Southern Illinois University Carbondale’s aviation flight and aviation management programs recently received Federal Aviation Administration certification that reduces the required flight time for graduates interested in becoming airline pilots.
Based on SIU’s curriculum and training requirements, the FAA on March 5 lowered the number of flight hours that SIU aviation students need to qualify for a restricted air transport pilot certificate, or R-ATP. The reduction is from 1,500 to 1,250 flight hours for aviation flight students and to 1,000 flight hours for students in the combined aviation flight and aviation management programs. The result is a significant savings in both time and money for graduates headed to a flight career with an airline.
SIU is among a group of about 40 universities in the nation to receive the FAA certification, David A. NewMyer, department chair, said. Until last year, an airline could hire a co-pilot or first officer with as few as 250 flight hours. The FAA’s revision to 1,500 flight hours was significant for future pilots wanting to fly for the airlines, NewMyer said. The certificate is required for individuals wanting to fly as co-pilots for major air carriers like United, Southwest, American and Delta, along with regional airlines such as American Eagle, SkyWest, ExpressJet, Republic and TranStates.
“This certification gives our students added flexibility as they pursue their careers after graduation and is a strong endorsement of the training provided by the faculty and staff in our aviation program,” Chancellor Rita Cheng said.
The annual WomenVenture gathering, designed to encourage and inspire women in aviation and those who want to fly, will welcome hundreds of female aviators on Wednesday, July 30, during the annual EAA® AirVenture® OshkoshTM fly-in convention. EAA AirVenture 2014 will be held July 28-August 3 at Wittman Regional Airport in Oshkosh, Wis.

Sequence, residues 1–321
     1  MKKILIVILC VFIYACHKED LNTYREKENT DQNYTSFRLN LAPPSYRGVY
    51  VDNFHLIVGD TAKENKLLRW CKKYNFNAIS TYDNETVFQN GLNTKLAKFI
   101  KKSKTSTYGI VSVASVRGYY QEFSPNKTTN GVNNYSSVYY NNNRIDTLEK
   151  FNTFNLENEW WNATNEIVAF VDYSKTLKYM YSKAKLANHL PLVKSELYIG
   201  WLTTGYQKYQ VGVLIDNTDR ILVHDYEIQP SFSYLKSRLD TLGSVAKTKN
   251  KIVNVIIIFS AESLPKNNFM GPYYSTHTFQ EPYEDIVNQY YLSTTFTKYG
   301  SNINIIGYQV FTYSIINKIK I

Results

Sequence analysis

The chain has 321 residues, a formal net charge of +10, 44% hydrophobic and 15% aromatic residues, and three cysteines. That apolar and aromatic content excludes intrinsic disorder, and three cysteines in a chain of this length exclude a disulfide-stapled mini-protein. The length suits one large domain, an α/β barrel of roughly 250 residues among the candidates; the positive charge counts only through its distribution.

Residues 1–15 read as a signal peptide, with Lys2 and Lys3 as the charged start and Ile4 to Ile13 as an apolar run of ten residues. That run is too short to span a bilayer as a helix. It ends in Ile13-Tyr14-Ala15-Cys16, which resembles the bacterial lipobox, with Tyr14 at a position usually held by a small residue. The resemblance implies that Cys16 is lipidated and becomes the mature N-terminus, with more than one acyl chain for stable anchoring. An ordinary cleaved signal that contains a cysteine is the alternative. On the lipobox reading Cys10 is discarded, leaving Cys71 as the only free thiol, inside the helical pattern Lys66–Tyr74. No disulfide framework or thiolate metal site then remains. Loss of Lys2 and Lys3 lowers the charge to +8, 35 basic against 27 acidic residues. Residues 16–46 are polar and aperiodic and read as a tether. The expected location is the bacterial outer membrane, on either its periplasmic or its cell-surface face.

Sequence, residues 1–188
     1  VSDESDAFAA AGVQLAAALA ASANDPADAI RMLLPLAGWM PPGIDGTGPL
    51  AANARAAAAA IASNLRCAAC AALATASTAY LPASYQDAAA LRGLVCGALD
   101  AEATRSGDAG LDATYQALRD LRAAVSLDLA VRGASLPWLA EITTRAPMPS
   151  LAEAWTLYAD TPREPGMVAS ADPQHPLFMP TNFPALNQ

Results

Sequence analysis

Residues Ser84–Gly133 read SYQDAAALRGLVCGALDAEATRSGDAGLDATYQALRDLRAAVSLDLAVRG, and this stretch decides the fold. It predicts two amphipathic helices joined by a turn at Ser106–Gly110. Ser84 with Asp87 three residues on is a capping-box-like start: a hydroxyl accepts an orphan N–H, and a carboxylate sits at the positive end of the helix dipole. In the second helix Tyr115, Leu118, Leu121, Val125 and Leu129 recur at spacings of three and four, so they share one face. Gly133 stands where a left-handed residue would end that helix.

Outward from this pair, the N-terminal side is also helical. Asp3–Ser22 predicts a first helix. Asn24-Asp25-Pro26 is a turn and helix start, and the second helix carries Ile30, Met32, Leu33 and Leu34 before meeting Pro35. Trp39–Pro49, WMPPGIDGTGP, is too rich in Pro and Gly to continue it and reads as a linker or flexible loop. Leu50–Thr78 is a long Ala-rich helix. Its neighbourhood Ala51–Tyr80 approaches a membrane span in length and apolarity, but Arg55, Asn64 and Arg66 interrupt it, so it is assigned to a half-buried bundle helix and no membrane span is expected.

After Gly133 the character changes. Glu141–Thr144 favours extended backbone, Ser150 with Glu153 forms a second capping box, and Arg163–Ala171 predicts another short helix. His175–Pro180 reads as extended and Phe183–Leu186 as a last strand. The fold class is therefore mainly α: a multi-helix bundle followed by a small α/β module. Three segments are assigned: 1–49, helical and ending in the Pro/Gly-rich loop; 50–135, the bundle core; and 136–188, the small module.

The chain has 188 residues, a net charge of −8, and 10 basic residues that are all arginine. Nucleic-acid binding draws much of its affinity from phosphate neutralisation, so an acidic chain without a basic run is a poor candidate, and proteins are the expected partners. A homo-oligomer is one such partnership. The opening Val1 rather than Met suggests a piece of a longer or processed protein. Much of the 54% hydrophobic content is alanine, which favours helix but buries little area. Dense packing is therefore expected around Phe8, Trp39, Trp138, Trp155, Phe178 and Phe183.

Co-sponsored by Women in Aviation International and The Ninety-Nines, two groups that encourage women’s aviation participation, WomenVenture moves to a midweek celebration in order to welcome more females currently involved in aviation or who want to be involved in the flying community.
All women involved in the aviation community are invited to be part of the traditional group photo on AirVenture’s main showcase ramp at 11 a.m., followed by the “WomenVenture Power Lunch” at Theater in the Woods at 11:30. Pre-registration for the lunch is required.
The Aircraft Owners and Pilots Association’s (AOPA) AV8RS youth membership program has awarded four scholarships totaling $20,000 to teens who are pursuing flight training in high school and college.
This year’s scholarship program was funded through the AOPA Foundation, a non-profit organization, and made possible through generous donations from AOPA Insurance Services and Sporty’s Pilot Shop.
The winners are Alexander Brown, 15, of Boyds, Md., Abigail Jarve, 17, of Seatac, Wash., Carl Eefsting, 17, of Allendale, Mich., and Matthew Groh, 18, of Lafayette, Ind.
“We are proud to name these four exceptional young AV8RS as the recipients of our 2014 AV8RS program scholarships,” said Mark Baker, AOPA president and CEO. “When you look at what these young people have done already – in aviation, in school and in their communities – it’s clear that they are well on their way to successful lives in and out of the cockpit. It gives us great pleasure to help them on their way.”
Several applicants noted that the scholarship will help offset the expense of flight training, which can come in addition to college tuition.
Recipient Carl Eefsting hopes to pursue a missionary flying career. Two awardees, Matthew Groh – a freshman at Purdue University – and Abigail Jarve, who will attend the University of North Dakota, want to put their scholarships toward flight training for airline careers.
Alexander Brown will turn 16 in June and has been preparing to solo. He applied for the scholarship to help pay for a private pilot’s certificate as a first step toward a flying career.
“I am a young man who believes in balancing your life through the four ‘As’ – Academics, Athletics, Arts and AVIATION,” Brown wrote in his scholarship application.